The prevalence of CCSVI is another recurring set of questions: why do some researchers not see CCSVI in practically all pwMS, why are there people out there with CCSVI and not MS, if you are diagnosed with CCSVI will you develop MS sometime in the future? At this present time we can only guess at the answers but here are some possibilities… From the beginning there have been questions about Doppler operator’s experience: it requires a certain amount of training and an understanding of the problems to be able to diagnose CCSVI and not every operator is either prepared to undergo the training or willing to admit that they do not have the expertise. On the same questions there could also be differences in the gene pool of certain parts of the world. For example the population in Italy may have a different prevalence of CCSVI to the population of Canada. On the question of the prevalence of - MS free CCSVI - in the general population, this could be due to other contributing factors: some people may be more susceptible to neurological damage than others, possibly due to their genetic make-up or possibly due to the lack of vitamin D or even due to an infective agent or a combination of all these factors.
In time, some of these questions will be answered if there is a will to do the research without the promise of great profits at the end of the process. Would it make a difference to the motivation of neurological and vascular researchers to know that the Multiple Sclerosis syndrome is much more prevalent in this country than current estimates suggest? From our early investigation into the numbers of people with MS in the UK it appears that 0.3% of the population has an MS diagnosis. That translates to about 195,000 in the UK. If you want to help with this research, write to your doctor and ask for the number of pwMS in his/her practice and total number of his/her patients and let me know the result. The more data we have the more ammunition we have against apathy. (Here is a link to a letter you could use for this.)
There are also questions aimed at the intervention process itself. Eighteen months ago, things were very different. For instance it was believed that people with RRMS were unlikely to have azygos vein involvement. It was thought that it only occurred in people with PPMS. However, Donald Reid, the surgeon doing UK procedures had noticed and told us at the Glasgow Conference that many RRMS and SPMS patients showed stenosis of the azygos vein which is impossible to diagnose with the Doppler. So there may be a number of people who were treated earlier on whose azygos vein was not scrutinised for stenoses. He used an intra-vascular camera called IVUS to shed light on areas that were difficult to make sense of on the X-ray and discovered significant blockages. He was also concerned about removing faulty jugular valves; he thought that there must be a better way of dealing with these malformations than removal. Valves are important to the proper function of circulation, and work is being done to find a way of making them functional rather than removing them.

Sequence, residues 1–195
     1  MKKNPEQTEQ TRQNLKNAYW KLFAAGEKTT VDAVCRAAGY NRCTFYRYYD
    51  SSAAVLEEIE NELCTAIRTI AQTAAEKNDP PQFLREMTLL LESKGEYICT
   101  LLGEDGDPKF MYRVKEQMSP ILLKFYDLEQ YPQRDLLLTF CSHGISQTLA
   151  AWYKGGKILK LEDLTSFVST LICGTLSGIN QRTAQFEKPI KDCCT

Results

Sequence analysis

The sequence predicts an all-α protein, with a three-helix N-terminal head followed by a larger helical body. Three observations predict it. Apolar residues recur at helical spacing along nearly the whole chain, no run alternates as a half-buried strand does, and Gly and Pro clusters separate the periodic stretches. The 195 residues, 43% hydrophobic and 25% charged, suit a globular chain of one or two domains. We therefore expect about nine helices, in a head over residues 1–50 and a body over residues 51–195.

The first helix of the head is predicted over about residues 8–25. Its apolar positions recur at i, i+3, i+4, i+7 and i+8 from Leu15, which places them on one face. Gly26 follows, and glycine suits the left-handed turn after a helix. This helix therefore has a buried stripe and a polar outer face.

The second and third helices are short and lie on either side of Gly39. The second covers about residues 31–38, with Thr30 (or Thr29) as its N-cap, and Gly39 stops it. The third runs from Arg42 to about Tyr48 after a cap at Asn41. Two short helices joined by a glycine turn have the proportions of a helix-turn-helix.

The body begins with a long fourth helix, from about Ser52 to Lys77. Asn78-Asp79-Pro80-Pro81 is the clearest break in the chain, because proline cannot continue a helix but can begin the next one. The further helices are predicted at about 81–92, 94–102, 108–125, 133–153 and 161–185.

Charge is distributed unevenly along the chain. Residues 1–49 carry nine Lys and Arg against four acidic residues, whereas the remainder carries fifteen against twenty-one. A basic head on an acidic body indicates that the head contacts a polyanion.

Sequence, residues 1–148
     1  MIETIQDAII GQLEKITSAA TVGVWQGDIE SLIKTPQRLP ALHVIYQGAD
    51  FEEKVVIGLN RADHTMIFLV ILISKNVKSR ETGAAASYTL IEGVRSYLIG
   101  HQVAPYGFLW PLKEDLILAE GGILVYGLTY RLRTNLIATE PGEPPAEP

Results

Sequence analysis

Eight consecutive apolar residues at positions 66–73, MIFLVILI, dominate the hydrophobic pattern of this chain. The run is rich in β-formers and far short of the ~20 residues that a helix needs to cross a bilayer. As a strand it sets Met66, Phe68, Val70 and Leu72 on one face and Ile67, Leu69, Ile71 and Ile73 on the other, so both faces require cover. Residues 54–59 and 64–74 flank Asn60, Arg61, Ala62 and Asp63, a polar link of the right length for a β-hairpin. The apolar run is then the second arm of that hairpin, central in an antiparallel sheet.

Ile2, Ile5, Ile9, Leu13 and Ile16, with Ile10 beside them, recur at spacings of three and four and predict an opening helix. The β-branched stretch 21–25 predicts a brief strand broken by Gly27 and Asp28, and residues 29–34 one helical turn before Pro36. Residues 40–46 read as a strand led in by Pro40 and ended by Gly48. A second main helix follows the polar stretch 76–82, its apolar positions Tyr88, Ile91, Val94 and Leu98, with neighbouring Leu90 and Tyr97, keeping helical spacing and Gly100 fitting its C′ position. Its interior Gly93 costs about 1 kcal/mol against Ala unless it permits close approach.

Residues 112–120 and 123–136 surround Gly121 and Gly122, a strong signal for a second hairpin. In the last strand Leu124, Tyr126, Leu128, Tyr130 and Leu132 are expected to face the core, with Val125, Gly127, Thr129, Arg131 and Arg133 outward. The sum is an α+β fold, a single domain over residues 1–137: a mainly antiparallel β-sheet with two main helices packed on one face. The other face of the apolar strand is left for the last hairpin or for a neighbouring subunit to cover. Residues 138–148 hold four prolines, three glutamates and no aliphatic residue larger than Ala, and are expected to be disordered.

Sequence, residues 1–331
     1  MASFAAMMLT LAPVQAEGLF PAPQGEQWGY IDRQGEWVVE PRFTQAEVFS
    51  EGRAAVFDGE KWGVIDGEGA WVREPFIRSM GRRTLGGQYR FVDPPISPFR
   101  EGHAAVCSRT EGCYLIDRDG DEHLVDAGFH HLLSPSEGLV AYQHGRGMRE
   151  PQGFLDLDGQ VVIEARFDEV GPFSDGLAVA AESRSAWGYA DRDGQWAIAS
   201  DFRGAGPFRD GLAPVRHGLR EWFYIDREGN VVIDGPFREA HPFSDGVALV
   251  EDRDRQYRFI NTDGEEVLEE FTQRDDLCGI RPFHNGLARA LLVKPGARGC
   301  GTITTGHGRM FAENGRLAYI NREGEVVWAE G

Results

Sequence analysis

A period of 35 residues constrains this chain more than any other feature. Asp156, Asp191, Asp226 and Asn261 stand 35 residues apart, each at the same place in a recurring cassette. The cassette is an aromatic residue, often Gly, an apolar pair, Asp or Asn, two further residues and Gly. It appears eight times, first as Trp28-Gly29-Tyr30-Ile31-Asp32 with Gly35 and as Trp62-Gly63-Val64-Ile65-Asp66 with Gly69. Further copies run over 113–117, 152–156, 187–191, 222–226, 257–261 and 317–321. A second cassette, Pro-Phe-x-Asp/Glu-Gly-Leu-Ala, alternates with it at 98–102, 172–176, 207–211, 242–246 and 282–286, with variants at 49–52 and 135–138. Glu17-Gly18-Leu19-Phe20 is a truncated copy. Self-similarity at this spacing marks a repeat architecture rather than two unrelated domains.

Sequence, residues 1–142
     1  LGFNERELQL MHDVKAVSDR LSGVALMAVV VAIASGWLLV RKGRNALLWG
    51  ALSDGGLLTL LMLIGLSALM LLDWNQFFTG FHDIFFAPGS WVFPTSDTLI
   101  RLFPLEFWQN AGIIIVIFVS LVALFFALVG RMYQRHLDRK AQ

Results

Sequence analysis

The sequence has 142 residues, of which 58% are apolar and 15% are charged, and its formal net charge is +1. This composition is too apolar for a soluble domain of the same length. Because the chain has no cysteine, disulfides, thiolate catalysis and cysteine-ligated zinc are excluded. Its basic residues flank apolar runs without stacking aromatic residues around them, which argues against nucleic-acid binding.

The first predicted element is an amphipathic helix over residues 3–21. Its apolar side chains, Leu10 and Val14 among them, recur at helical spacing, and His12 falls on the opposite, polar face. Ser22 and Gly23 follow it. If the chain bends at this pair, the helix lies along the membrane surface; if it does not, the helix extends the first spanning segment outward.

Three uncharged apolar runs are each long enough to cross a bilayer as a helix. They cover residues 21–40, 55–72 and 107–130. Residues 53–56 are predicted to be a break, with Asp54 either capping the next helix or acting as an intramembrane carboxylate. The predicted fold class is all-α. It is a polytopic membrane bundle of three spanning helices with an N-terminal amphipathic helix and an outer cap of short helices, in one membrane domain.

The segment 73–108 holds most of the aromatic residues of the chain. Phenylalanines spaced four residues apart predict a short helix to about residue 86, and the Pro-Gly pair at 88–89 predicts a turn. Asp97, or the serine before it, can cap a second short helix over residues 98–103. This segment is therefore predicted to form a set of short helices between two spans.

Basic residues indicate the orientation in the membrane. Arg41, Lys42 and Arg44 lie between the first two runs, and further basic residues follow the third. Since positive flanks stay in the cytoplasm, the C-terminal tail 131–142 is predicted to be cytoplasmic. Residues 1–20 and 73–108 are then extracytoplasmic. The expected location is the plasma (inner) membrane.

Many questions have been answered since the treatment started, for example: we are always asked whether this is a safe treatment for people with MS, that question has been answered definitively by several practitioners who have published their data; it has also been answered by the social network feedback. It is estimated that 20,000 people have been treated worldwide and so far 3 people have died after undergoing the procedure. Although this is regrettable all but one could have been avoided. The unavoidable first death was connected to the procedure because the person was being treated with blood thinners and suffered from the effects of a bleed in the brain which could not be stemmed. The reason she had a bleed however, had nothing to do with the treatment, she had a previously undiscovered aneurism in her brain (an area of bulging in one of her blood vessels).
But there are still quite a number of questions to be answered and 10 years down the line the picture will be very different to what we know today. Diagnosis will become routine, there will be alternate ways of diagnosing CCSVI when the Doppler fails to show stenoses. A number of protocols will have been developed to suit the circumstances, using equipment appropriate to the particular problems displayed. The procedure will be carried out in the optimum amount of time to minimize radiation exposure whilst at the same time reviewing the results of the procedure before withdrawing the cannula. The patient will be followed for a set number of months and years and restenosis (which will be less prevalent) will be dealt with as a matter of course.
So what results has my daughter gained from her procedure? Better circulation, she does not display the blue legs from the knee down which first alerted me to the possibility of a circulation problem, no facial oedema, her bladder control is better and her condition has stabilised. She is no longer deteriorating as such a frighteningly rapid pace. She still works the same number of hours as she did before the procedure and rarely has any time off because of her condition. She still drives and goes out socially. Looking back, it seems to me that it took a while for this stabilisation to manifest itself. In the first couple of months following her procedure she had some significant deterioration, but that seems to have stopped. Once again only time will tell whether this stabilisation is permanent or just a temporary relief from the inexorable downward trend of Multiple Sclerosis symptoms.